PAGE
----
Whilst cycling on my own, I was confident of my schedule and pace. As the tortoise and hare effect was taking effect, I found myself amongst other cyclists and could sense this urgency again. It's best to listen to this sense, because the locals know more than you do! They were telling me that the last few sections were on very bad surface and that the hills were yet to come - you could lose a lot of time! I compromised my schedule a little, but with hindsight there was no need, I was not on the time limits. My conclusion is that there is more of a racing attitude here, hence the light bikes and the 'rushing'.
Think of all the time you save in not having to navigate or slow down for left turns, right turns, roundabouts or red lights. Imagine the equivalent of the Dean without instructions (the Dean is 300km with over 100 navigation points). Just straight on. Napramo, napramo, napramo, they say in Russian. Now I know why the word is always repeated three times. You know Russia is huge, but it's not till you cycle one and half days on the same road that you live a bit of Russia.
When the scenery wouldn't change away from pine forest, I lost heart, thinking, if I really want to cycle 1200 km without scenery, I might as well put my bike on a velodrome and go round in circles. At least I would have two bends to help me go round the bend.
|Photo by Ivo|
Claus didn't laugh. He went wrong a few times. Unfortunately you lose more than time, you lose energy and morale. It can turn a good ride into a miserable one. Claus has a lot of experience though, with 6 PBPs under his belt, he knows how to handle these situations and finished with 30 minutes spare.
|Claus points to the Solovetsky Islands|
|Things you see when you take a break|
|Food at Kroshnozero|
I had a lot of sleep on this ride, the most I've ever had on a 1200. I had trouble leaving the checkpoint by lake Onega. I was tired but ahead of time at the 633km mark. I ate, relaxed and absorbed the atmosphere. There was a gentle cooing going on, the fire being attended to. I slept a good couple of hours and when I opened the tent saw the view of the lake with moon shining over it. I got goosebumps. 'It's beautiful here', I said out loud to nobody. But there was an unexpected response from a helper: 'It is', she confirmed. Now it was even harder to leave.
This break set me up nicely for the next leg to Girvas, which was just above 100km with 5 instructions. I would have a full night of riding under a white night sky. You could ride without front lights which I did for a little while for the experience. During the day I had noted how cars always have their lights on, whether it's day or night, so I soon switched my lights back on.
I did get the dozies and was beginning to see things. In trees and in the clouds, I kept on seeing St Zozimus. St Zozimus was on my mind. He is the patron saint of beekeepers, and I was moving in his territory. I told myself to keep my feet firmly on my pedals and not get carried away with 'visions'. You begin to understand how people have described visions. An obsession with something or somebody, a couple of days with food and sleep deprivation, add a bit of heat exhaustion and you have a recipe for vision success.
Fitting though, how by the next control, Girvas, there were beehives. The only beehives I would see during the trip.
|Beehives in Girvas|
When the controls weren't out in the open, they were often in schools. They are great because there is so much space. Usually there is a gymnasium where the mats can be used to sleep on.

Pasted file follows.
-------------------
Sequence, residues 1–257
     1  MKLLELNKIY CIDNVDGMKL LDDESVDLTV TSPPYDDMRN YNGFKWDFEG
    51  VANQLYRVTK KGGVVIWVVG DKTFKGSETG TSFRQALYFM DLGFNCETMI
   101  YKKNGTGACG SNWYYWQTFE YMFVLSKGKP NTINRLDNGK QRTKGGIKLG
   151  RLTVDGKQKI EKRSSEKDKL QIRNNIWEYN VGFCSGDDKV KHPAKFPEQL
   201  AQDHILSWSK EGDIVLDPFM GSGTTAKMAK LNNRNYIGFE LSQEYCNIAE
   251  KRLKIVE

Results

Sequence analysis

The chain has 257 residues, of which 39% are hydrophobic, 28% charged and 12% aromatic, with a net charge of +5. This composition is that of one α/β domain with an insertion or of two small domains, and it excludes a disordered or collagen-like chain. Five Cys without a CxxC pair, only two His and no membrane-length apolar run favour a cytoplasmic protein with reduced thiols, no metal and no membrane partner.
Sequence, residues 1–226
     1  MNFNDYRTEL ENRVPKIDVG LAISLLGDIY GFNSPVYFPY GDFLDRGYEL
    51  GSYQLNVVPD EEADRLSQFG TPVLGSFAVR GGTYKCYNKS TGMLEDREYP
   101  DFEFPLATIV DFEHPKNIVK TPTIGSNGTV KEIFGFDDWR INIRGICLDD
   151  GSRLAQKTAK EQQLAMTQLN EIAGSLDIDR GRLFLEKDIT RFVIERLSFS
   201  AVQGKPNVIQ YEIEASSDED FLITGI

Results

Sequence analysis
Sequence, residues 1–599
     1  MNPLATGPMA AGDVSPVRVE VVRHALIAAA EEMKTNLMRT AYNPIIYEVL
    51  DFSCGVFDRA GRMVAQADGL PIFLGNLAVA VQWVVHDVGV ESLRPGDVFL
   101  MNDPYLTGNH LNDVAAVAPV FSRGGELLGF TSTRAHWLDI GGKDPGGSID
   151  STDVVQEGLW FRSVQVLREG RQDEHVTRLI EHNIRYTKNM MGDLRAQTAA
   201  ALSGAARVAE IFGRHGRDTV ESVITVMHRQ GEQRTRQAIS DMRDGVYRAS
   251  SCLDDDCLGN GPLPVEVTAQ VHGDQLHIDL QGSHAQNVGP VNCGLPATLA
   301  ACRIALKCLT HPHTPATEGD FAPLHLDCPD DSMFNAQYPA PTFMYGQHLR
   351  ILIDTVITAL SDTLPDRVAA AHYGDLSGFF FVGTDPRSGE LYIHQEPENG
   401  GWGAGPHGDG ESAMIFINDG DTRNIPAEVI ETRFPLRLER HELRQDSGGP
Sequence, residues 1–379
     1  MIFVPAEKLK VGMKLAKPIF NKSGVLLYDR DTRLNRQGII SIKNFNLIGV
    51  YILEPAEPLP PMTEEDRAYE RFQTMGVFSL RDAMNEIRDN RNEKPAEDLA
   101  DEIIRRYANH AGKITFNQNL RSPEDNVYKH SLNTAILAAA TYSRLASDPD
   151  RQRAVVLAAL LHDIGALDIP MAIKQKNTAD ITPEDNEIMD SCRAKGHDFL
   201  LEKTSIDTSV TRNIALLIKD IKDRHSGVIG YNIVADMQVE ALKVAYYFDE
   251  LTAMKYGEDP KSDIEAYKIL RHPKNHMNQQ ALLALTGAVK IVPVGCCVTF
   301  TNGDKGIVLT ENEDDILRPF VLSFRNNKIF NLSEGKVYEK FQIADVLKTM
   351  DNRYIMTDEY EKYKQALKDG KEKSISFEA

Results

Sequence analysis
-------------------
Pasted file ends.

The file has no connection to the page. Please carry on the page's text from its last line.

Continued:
|More sleep at Girvas|
|Lobachevsky, Euler and Lagrange|
The section to Mandera was really hard. It was only 60km and I can't quite remember why it was so hard, but I felt relieved to get to the control. Around 23:30 it was. Maybe it was the road surface which made it hard, and it had started to rain also. It was darker than the other nights. Mandera checkpoint was in a cabin. It was surreal. You enter the field, you see a few bikes, a couple of tents and the cabin, but it was quiet. It appeared that nobody was around. What is going on here? The bikes have their red lights flashing. Is everybody asleep in the tents? Then I walked around the cabin, found the door open and Tatiana, again, lively as ever, is feeding everybody with macaroni, sausage, cheese, biscuits, tea ...
|The business end of the Mandera control|
I set off in the drizzle. It was the moment I had to pull myself together. Just get through it, the morning proper will bring a new horizon. It was a horizon in the form of a 24 hour cafe, with people! There were other riders, and Lars and Pavel. 'So nice to see people!', I said. I was elated. 'People!'. I can talk again, we can share experiences. It doesn't take long to realise others have gone through a tough time also. 'Mini crisis', said one of the Russian riders. There was good coffee, and I ate pastries. Pavel and Lars had formed a nice partnership. 'Take!', said Pavel intently, when Lars hadn't immediately picked up his coffee from the counter. I saw them again at the Winter War memorial, the Cross of Sorrows, where Lars recounted the history behind the statue. The cross represents Finnish and Russian mothers in sorrow for the dead.
|Lars and Pavel visit the Cross of Sorrows|
Photos by Pavel at the 24 hour cafe.
The Salmi checkpoint was next, at 1063km. On the way back out of the control, I stopped several of the riders coming in, to explain where the control was. I didn't want them to miss it, like I had.
At 1109km, there is an instruction: 'straight on, the road gets worse'. UK audaxers have the habit of pointing out potholes in the road. Not so in Russia. If they did, they would be riding 'hands free'. At times, you see cars coming in the opposite direction, and veering into your lane. You wonder how long they've been on the road, or if they are under the influence. But they are only avoiding potholes. You end up doing the same, seeking out the smoothest parts of the road.